BACKGROUND OF THE INVENTION

Several different types of soft tissue are found in human joints. For example, a joint can include articular hyaline cartilage, intra-articular fibrocartilage, tendons and ligaments. Articular hyaline cartilage is found on the surfaces of the bones of the joint. Intra-articular cartilage is found between the joint surfaces. Tendons connect muscle to the bones of the joint, and ligaments connect articular extremities of the bones of the joint.

When the soft tissue of a joint is no longer healthy, there can be debilitating pain in the joint. Soft tissue health can be adversely affected by disease, aging, or trauma. The adverse effects of disease, aging and trauma can be, for example, in the form of a tear in the soft tissue, or in the form of a breakdown, thinning or delamination of the tissue.

One form of intra-articular cartilage that is frequently damaged or degenerated is the meniscus of the knee. The meniscus is frequently damaged in twisting injuries. It is also damaged with repetitive impact over time. Meniscus degeneration can also occur by aging; as a person ages, the meniscus can become soft in places, so that even common motions like squatting can cause meniscal tears.

Common surgical procedures for treating meniscal damage include tear repairs and menisectomies. A tear repair is most commonly performed when the tear is a clean longitudinal vertical lesion in the vascular red zone of the meniscus. The basic strategy is to stabilize the tear by limiting or eliminating radial separation of the faces of the tear when the meniscus is load bearing. Many devices and surgical procedures exist for repairing meniscal tears by approximating the faces of the meniscus at the tear. Examples of such devices and procedures are disclosed in the following U.S. Pat. Nos. 6,319,271; 6,306,159; 6,306,156; 6,293,961; 6,156,044; 6,152,935; 6,056,778; 5,993,475; 5,980,524; 5,702,462; 5,569,252; 5,374,268; 5,320,633; and 4,873,976.

Menisectomies involve the surgical removal of part of the meniscus. Such procedures have generally been performed in cases of radial tears, horizontal tears, vertical longitudinal tears outside the vascular zone, complex tears, or defibrillation. Although menisectomies provide immediate relief to the patient, in the long term the absence of part of the meniscus can cause cartilage wear on the condylar surface, eventually leading to arthritic conditions in the joint.

Such surgical procedures are commonly performed arthroscopically. In arthroscopy, small incisions are made at the affected joint to form portals for the insertion of instruments, including a small lens and lighting system (an arthroscope). The arthroscope is connected to a viewing device, such as a television monitor to allow the surgeon to see the interior of the joint. Other instruments are inserted through other portals to perform a variety of tasks. For example, the surgical instrument may include an implement for manipulating native tissue (for example, tissue grasping, tissue cutting, bone abrading).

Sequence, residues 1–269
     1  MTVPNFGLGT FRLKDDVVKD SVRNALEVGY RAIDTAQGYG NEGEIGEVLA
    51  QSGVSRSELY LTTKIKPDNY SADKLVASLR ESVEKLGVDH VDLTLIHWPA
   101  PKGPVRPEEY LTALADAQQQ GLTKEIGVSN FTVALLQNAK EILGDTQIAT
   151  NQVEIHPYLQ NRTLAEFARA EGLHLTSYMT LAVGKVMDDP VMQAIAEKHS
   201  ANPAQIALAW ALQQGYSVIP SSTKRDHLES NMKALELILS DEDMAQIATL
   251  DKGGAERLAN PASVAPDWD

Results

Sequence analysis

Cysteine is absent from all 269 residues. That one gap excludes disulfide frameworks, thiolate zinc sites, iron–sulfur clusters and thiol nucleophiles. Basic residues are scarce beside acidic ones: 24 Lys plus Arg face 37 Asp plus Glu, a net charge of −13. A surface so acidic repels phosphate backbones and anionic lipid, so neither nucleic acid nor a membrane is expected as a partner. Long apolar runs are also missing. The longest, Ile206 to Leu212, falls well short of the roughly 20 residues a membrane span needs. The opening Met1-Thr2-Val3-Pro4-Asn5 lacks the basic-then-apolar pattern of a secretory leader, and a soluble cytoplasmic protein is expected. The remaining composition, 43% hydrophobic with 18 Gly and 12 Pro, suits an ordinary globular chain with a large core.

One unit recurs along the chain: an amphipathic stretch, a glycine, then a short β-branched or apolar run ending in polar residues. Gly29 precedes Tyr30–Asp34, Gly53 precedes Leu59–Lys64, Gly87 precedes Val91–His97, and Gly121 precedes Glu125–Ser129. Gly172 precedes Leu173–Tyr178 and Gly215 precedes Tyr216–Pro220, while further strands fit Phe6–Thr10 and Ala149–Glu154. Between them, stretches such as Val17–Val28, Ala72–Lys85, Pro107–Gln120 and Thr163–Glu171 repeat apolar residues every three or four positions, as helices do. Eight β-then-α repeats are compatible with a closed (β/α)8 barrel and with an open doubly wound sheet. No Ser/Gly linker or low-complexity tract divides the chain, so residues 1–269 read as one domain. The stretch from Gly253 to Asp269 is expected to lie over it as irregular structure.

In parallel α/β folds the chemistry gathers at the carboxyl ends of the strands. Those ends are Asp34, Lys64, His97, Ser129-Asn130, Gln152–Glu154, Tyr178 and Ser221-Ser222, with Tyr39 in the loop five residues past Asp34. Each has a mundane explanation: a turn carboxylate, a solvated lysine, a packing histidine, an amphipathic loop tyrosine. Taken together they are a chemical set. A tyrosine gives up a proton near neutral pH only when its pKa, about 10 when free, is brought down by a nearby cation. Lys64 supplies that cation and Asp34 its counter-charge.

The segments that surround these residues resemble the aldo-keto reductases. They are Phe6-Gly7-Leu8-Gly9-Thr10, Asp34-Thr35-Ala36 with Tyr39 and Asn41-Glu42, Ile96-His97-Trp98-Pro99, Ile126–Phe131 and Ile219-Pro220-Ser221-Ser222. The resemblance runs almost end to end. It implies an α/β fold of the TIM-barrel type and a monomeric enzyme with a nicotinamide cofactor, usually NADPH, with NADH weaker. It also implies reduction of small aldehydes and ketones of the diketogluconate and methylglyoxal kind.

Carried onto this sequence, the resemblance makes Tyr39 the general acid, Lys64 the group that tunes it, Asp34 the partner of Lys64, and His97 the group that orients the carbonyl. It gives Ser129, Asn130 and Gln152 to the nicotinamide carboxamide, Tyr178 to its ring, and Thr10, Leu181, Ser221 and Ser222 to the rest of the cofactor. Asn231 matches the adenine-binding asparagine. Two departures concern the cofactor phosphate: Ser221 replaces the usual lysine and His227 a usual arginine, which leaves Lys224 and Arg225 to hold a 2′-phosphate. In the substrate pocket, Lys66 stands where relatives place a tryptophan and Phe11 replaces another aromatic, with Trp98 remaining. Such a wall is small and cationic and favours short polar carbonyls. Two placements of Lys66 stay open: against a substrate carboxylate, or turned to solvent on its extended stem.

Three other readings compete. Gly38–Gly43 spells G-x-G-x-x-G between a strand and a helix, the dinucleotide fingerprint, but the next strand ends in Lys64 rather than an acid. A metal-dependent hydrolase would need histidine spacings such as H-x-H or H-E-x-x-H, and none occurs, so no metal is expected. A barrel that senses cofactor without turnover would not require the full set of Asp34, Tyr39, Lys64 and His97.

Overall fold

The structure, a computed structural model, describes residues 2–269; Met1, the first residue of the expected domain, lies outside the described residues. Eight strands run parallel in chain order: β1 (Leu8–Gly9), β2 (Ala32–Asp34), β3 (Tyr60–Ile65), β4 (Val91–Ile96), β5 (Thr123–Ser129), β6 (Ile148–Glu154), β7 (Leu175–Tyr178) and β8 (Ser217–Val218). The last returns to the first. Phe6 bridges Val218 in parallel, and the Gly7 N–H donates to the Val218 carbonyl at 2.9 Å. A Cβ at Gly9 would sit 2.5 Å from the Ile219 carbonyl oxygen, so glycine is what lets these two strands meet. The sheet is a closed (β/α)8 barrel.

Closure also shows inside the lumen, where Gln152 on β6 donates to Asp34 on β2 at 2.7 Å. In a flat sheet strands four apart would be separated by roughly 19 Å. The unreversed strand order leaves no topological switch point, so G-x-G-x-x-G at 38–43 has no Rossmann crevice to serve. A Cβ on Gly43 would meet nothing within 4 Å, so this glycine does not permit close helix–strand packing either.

Typical surgical instruments used in arthroscopic procedures include rongeurs, such as the Kerrison rongeur, punch forceps, basket forceps, suction punches and cup curet, for example. Examples of arthroscopic instruments are described and illustrated in O'Connor's Textbook of Arthroscopic Surgery, 2nd ed., 1992, Chapter 19.

Other common surgical techniques in orthopaedic surgery include open surgery and mini-arthrotomy. For example, for knee surgery, the surgery may be performed by an open knee arthrotomy, where the incision may typically be 20-30 cm in length, and wherein the patella is everted during surgery. Knee surgery may also be performed by a mini-knee arthrotomy, where the incision is typically 10-13 cm in length and patella tension is avoided.

Intra-articular fibrocartilage is also present, for example, in the temporomandibular joint and between vertebrae. Injury and degeneration can also occur to the intra-articular fibrocartilage in these other joints.

Another common site of soft tissue injury and degeneration is the rotator cuff in the shoulder. The rotator cuff comprises the tendons that attach muscles to a bone in the shoulder. Where one of the tendons is thin, delaminated or frayed to the point that surgical repair or reconstruction is necessary, the damaged tendon can be reinforced with graft tissue or with an orthopaedic implant.

A variety of orthopaedic implants are available for treating damaged soft tissue at a joint site. One commercially available orthopaedic implant is the RESTORE™ orthobiologic implant. The RESTORE™ orthobiologic implant comprises layers of small intestine submucosa. The commercial RESTORE™ product is typically sold in the form of a thin circular sheet with a diameter of about 2.5 inches in diameter. Other shapes and sizes of RESTORE™ orthobiologic implants can be used. In addition, the surgeon can cut the commercial RESTORE™ product intra-operatively to the desired shape and size. The RESTORE™ implant is used in treating rotator cuff injuries.

Orthopaedic implants for treatment of damaged menisci are disclosed in the following U.S. Pat. Nos. 6,042,610; 5,735,903; 5,681,353; 5,306,311; 5,108,438; 5,007,934; and 4,880,429.

SUMMARY OF THE INVENTION